Is this the oldest and weirdest ‘kid’ on the planet? Scientists find 535-million-year-old larva lacking mouth and anus

PUBLISHED : Tuesday, 01 December, 2015, 3:26pm
UPDATED : Thursday, 08 March, 2018, 6:05pm

Chinese scientists have discovered the world’s oldest-known larva and it features a bewildering and unique anatomical make-up suggesting it was not an adult, they announced this week.

Although it does not resolve the issue, this taps into a long-running debate in evolutionary developmental biology, with opposing camps divided as to whether ancestral forms of multicellular, eukaryotic organisms (Metazoa) were larvae or adults.

The question has for decades haunted biologists studying early life forms. Because their features are so primitive, with much detail lost during fossilisation, it has been hard to pin down at which stage in their evolution the remains were discovered.

Careful observation with a high-definition electron microscope showed that the latest find, a creature called eolarva kuanchuanpuensis, had no need to forage for food because it lacked a mouth, the team said.

Its source of nourishment remains unclear, but it may have had to survive on something akin to egg yolk, pundits said. Either way, it would not have been able to survive for long unless it went through a significant metamorphosis during its lifespan.

“An anus may also be absent,” wrote professors Dong Xiping and Zhuang Huaqiao in the paper they co-authored for this month’s Science Bulletin journal. The study was jointly conducted by Peking University and Chinese Academy of Sciences.

“This type of body [structure] differs from that of any known animal phylum [group],” they added.

The absence of mouth and anus ruled out the possibility that it was an adult.

A couple of specimens, each measuring about one millimetre wide, were found in western China. They are believed to date back 535 million years, making them far older than less mature forms - or fossils - of the same or similar creatures that have been recorded.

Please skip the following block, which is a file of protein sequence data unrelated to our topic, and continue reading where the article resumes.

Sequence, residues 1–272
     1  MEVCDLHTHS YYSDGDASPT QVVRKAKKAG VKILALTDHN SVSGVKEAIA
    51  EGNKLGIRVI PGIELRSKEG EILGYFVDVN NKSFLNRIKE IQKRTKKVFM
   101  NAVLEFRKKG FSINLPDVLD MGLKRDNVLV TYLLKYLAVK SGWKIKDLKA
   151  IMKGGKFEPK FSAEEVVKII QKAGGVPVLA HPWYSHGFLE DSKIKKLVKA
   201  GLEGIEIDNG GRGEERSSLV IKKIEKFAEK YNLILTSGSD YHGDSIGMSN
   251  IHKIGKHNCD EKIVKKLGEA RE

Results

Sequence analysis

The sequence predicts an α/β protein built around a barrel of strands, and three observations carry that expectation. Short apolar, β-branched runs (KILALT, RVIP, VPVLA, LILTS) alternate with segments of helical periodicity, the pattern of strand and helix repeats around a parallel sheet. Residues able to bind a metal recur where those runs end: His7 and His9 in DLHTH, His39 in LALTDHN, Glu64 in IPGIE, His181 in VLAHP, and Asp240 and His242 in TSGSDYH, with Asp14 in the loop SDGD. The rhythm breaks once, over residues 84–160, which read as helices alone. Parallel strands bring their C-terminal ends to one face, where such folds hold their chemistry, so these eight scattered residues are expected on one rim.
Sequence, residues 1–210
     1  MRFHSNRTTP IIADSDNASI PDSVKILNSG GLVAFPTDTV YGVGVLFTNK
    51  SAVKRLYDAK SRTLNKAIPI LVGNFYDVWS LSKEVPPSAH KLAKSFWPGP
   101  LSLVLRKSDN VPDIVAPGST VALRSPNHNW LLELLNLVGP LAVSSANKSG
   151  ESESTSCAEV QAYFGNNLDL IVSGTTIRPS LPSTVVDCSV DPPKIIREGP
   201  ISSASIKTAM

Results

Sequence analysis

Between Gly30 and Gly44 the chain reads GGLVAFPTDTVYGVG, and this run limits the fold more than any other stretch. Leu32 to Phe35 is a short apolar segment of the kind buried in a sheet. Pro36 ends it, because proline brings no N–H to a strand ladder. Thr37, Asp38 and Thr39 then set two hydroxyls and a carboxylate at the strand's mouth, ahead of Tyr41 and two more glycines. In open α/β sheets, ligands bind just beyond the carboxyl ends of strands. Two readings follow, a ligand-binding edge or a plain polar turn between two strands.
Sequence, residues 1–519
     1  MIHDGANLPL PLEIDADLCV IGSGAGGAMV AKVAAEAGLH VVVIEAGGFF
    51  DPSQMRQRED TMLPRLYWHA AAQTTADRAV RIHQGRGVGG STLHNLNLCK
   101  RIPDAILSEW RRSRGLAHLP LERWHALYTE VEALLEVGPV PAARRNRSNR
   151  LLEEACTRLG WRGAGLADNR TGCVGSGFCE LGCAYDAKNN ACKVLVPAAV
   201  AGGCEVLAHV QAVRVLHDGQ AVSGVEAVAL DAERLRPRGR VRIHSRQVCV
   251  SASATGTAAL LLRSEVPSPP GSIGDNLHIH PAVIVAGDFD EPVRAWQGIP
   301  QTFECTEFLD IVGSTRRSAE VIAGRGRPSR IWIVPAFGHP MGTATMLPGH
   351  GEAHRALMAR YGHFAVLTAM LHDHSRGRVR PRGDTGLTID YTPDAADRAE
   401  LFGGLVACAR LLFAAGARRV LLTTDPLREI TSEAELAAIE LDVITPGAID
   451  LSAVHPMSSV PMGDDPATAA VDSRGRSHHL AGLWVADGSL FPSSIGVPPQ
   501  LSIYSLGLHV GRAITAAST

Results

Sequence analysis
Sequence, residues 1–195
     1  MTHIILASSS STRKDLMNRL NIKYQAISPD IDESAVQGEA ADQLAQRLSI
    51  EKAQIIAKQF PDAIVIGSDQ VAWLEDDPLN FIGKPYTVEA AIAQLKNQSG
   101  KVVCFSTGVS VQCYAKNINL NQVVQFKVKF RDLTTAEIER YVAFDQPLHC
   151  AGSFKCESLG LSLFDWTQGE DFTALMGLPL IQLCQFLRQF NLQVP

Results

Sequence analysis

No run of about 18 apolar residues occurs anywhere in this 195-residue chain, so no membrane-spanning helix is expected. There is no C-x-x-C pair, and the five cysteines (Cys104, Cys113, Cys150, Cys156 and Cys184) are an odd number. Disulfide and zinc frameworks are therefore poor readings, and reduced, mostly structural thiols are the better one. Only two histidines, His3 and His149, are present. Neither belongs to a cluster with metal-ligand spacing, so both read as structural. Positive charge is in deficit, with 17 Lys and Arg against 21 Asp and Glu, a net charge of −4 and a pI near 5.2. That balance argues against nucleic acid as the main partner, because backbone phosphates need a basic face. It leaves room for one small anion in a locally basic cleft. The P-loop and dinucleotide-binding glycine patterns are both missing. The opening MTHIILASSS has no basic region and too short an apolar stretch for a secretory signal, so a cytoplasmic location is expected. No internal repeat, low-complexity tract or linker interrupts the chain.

By way of comparison, an ancient crab larva found in Germany earlier this year was found to be just 150 million years old, or less than one-third the age.

The researchers ruled out the possibility that the most recent discovery would have absorbed organic matter from its surroundings through its “skin” in order to survive, because the creature’s surface area was too small in relation to its body mass for this to be self-sustaining.

Larva that bears little or no resemblance to the adult form of the species in its body structure has been observed among very simple forms of life.

Some forms of sponge, for example, are active swimmers during their primary form as larva but after growing to adulthood their body becomes inactive and does not change location until their death.

However, these are not as sophisticated as the most recently unearthed larva.

Detailed reconstruction of its internal structure revealed that the eolarva had a “brain”, with the presence of a nervous system and the concentration of neural cells in the uppermost part of its body.

Sponges lack brains and nerves.

The larva, which would have lived at the dawn of Cambrian period during the Paleozoic Era, managed to survive at a time when many animals had developed hard shells to protect themselves from hostile environments and predators.

Yet it was unusually tender, vulnerable almost, with skin “that appears to be rather soft in places,” the researchers reported.

Dong and Zhang observed three pairs of tentacles extending from its sides, which could be used for swimming or self-defense, they reported.

The fossilised remains were trapped inside a large piece of limestone, itself retrieved from sediment containing a high proportion of calcium phosphate at the Shizhongguo formation in Shaanxi province. Removing the specimen from the rock was just one of the challenges the team faced.

The researchers crushed the rock into walnut-sized pieces and dissolved the inorganic material in acetic acid. They then sorted the residue manually using special microscopes to look for traces of fossils.

Only two specimens were considered well-enough preserved to merit scientific examination, they said.